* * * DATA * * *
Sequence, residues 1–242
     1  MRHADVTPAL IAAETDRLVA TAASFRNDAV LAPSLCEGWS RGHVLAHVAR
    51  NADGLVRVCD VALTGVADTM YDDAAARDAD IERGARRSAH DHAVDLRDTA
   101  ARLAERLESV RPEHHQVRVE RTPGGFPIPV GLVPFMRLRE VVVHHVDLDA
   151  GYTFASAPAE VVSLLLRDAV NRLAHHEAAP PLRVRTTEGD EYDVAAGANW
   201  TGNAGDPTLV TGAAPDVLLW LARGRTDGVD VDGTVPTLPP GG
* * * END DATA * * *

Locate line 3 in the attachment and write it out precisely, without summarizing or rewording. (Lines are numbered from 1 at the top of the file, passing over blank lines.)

    51  NADGLVRVCD VALTGVADTM YDDAAARDAD IERGARRSAH DHAVDLRDTA